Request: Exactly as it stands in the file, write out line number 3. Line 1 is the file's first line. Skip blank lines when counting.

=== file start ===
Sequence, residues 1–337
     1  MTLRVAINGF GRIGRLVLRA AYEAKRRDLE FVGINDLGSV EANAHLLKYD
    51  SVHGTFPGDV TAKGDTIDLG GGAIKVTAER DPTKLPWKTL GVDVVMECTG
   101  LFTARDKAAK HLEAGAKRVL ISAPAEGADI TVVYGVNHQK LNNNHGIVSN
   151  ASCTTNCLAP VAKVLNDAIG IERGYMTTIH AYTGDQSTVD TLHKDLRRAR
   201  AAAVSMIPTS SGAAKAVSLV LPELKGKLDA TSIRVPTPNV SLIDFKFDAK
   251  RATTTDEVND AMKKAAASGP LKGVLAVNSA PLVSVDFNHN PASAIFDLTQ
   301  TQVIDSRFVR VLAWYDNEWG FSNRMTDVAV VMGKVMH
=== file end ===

    51  SVHGTFPGDV TAKGDTIDLG GGAIKVTAER DPTKLPWKTL GVDVVMECTG